Nevo, whose workaday uniform is snug, black Christian Dior suits, has a particularly close relationship with Richard D. Parsons, Time Warner’s chairman, who stepped down in January as chief executive. Like many of his media mogul friendships, his relationship with Parsons started years ago in Sun Valley. “I first met Vivi at the duck pond in Sun Valley,” Parsons recalled in a phone interview. “In typical Vivi Nevo fashion, we shortly became best buds.”
The personal connections are part of how Nevo makes investment decisions. “He informs his instincts by being in the space,” Parsons said. “This is how he absorbs what’s going on, and decides where to place his bets.”
For a man who has become a ubiquitous figure in a very public industry, Nevo is, and has remained, largely a private, unknown quantity. “He’s not so much mysterious, as he just doesn’t want to be public,” said Parsons, who is an executor of a trust Nevo established for his daughter, Lilly, age 6, from a previous relationship. “The mysterious part is, you can’t Google this guy and get his whole story.”
Nevo has always refused requests for interviews, and he declined to comment for this article. In private conversations with some friends and associates, however, Nevo has provided glimpses into his background.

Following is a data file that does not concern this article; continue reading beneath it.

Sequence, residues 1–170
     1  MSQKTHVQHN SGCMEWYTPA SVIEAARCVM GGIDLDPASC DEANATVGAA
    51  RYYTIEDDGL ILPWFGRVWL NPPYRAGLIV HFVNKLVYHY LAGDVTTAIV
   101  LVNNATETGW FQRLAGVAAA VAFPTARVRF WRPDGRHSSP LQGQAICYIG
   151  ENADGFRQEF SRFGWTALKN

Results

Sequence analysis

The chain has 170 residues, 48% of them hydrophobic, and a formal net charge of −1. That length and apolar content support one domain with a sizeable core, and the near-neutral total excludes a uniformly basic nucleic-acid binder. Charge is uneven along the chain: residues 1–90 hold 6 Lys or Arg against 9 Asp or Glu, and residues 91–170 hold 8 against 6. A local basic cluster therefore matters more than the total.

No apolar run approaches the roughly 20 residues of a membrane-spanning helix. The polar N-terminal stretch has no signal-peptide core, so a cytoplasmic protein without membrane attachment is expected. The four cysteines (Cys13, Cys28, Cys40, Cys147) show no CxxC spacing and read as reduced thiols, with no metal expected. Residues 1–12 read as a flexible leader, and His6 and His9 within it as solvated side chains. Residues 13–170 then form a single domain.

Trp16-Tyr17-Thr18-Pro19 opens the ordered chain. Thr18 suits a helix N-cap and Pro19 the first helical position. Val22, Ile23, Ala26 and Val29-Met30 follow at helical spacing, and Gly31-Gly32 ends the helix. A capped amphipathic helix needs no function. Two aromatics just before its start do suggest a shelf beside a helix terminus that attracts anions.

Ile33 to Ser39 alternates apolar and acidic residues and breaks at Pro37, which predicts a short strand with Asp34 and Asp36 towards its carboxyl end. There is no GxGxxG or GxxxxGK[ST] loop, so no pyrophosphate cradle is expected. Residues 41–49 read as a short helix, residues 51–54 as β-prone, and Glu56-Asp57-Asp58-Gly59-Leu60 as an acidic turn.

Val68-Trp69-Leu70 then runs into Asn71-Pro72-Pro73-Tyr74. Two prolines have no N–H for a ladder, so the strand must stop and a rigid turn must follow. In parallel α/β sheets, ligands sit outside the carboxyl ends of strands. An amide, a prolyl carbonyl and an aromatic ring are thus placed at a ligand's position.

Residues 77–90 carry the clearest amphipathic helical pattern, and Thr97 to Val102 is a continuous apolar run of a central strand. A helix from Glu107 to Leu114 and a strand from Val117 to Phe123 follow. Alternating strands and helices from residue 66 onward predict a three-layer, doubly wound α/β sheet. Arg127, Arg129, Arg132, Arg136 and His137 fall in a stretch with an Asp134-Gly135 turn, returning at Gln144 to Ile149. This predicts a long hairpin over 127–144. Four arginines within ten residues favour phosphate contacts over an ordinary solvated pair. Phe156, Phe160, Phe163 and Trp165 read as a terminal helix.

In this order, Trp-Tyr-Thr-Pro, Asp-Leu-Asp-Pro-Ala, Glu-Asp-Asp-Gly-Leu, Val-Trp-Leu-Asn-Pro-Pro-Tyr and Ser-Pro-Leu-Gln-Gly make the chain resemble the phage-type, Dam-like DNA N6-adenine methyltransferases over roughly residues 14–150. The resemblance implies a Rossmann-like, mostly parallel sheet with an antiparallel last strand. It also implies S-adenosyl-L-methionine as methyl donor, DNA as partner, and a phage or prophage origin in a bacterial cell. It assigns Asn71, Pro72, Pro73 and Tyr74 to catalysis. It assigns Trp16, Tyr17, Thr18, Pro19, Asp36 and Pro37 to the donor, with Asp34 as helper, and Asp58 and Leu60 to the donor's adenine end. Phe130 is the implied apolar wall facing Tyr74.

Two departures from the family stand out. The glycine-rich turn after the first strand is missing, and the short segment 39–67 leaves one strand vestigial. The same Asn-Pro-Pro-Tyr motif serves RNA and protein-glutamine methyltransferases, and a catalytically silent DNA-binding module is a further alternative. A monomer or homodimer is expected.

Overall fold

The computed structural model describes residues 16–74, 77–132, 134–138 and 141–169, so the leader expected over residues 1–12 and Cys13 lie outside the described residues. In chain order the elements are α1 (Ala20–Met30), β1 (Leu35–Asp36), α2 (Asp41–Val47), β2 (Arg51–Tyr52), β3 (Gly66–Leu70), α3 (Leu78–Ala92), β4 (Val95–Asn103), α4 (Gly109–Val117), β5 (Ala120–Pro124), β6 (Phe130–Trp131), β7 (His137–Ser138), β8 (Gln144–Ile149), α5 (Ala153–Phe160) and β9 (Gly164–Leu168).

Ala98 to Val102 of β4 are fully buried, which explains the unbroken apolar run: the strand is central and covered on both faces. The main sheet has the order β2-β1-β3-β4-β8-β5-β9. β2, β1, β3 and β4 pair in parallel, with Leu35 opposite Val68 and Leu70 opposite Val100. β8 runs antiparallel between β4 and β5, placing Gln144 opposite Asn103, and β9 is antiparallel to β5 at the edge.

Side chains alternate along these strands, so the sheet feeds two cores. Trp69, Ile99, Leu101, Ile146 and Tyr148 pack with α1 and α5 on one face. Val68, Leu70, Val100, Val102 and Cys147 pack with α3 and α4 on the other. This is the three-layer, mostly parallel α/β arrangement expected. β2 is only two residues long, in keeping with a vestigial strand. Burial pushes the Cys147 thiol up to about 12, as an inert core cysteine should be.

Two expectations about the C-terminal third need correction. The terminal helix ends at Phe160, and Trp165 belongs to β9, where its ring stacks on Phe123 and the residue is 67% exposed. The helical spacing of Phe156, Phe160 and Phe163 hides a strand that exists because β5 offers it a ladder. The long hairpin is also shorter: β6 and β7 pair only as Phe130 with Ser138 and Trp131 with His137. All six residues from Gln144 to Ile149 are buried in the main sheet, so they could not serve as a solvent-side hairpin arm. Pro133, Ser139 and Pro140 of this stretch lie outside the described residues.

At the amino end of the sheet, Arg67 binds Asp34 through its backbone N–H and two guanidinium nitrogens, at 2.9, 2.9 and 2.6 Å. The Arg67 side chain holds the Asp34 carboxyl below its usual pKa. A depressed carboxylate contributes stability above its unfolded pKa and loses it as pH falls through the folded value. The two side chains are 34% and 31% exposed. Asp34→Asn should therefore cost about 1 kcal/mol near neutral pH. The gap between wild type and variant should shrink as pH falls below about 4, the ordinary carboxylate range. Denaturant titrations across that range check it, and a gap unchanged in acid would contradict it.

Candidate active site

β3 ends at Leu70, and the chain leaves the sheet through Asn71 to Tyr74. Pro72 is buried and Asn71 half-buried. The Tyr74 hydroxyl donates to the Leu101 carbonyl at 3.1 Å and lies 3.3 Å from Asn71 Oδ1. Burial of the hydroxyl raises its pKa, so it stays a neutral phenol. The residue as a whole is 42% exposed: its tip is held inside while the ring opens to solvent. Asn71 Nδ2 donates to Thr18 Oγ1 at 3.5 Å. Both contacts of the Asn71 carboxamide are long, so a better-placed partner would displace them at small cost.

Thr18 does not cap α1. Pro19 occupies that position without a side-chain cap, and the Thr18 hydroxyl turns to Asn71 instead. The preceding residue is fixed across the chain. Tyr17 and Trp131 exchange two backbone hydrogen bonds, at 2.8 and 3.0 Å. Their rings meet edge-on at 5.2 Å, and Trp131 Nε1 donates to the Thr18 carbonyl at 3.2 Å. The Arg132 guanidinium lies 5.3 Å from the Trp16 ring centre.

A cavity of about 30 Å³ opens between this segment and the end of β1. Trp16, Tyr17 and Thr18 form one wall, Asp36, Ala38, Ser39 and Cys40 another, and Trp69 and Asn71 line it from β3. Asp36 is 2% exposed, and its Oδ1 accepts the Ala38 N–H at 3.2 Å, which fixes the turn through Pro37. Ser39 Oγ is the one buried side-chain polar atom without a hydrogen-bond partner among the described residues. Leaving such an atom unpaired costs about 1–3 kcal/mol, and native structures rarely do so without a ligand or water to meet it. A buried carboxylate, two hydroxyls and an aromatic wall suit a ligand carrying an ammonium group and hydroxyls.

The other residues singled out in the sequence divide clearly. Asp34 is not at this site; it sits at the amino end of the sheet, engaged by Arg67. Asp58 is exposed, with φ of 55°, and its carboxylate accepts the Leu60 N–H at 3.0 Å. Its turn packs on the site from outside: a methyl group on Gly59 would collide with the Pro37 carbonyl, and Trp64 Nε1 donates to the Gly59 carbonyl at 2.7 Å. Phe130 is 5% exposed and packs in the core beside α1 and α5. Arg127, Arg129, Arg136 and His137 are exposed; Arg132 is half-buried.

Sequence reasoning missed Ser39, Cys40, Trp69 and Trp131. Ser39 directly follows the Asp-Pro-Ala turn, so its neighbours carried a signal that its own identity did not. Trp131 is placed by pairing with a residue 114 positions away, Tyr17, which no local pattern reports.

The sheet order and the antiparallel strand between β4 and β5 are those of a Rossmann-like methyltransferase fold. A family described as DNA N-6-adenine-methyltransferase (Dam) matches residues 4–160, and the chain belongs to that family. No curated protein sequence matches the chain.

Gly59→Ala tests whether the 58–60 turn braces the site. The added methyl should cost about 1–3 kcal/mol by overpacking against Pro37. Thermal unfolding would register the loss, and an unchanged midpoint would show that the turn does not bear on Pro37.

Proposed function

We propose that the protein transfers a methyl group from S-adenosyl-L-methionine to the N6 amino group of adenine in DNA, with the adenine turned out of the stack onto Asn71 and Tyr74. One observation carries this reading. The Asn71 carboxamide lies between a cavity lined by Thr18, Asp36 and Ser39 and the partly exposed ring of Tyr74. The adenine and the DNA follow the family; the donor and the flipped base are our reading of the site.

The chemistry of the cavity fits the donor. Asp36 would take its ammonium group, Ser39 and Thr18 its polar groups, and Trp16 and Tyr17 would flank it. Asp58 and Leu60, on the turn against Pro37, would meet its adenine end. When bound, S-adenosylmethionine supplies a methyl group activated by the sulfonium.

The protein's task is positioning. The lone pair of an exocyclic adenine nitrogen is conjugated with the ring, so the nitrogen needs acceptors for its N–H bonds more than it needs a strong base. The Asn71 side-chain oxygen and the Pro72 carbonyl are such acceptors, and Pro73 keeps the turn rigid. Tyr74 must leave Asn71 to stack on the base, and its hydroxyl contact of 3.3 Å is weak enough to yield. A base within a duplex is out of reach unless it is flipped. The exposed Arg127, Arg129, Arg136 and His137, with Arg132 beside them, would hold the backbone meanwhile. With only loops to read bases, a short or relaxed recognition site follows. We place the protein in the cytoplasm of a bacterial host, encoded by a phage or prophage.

The silhouette of Nevo’s story goes like this: He was an only child who was born in Bucharest, Romania, and moved with his parents to Tel Aviv when he was a baby. His father was a chemical engineer and his mother was an anaesthesiologist. As a boy, Nevo would vacation with his parents in Los Angeles, where he became enchanted with the glamour of Hollywood.
There was family money— his father ran a chemical company, according to several people, including Nevo’s friend and tennis partner Frank Biondi, the former head of Universal Studios and chief executive of Viacom Inc. But the driving force of his life is the memory of his mother, who died of cancer in the late 1980s, leaving him an inheritance that allowed him to start investing.
“It’s all about the respect he had for his mother,” said Elizabeth Saltzman, international social editor of Vanity Fair, who met Nevo on the New York social scene in the 1980s (the second time she met him she shared a helicopter with him to the Hamptons). “His mother was everything. I think there’s a huge mama complex, of trying to make her proud.”
With the inheritance— which one business associate of Nevo’s, who spoke anonymously because his conversations with him were meant to be confidential, pegged at around $10 million (Rs42.3 crore)—Nevo set about investing and networking. He opened trading accounts at Goldman Sachs and Morgan Stanley, as well as Allen and Co., which eventually won him an invitation to Sun Valley, the place that became the locus for so many of his relationships, including those with Parsons and Lachlan Murdoch. Through diligence and hard work, the right contacts and a lot of the right trades during the dot-com bubble of the late 1990s, he turned his inheritance into a sizable fortune.
Mack said: “He took the money his family left him and he really created this media, trading empire. At Credit Suisse we did a lot of trading business with him, either outright, or with derivatives.”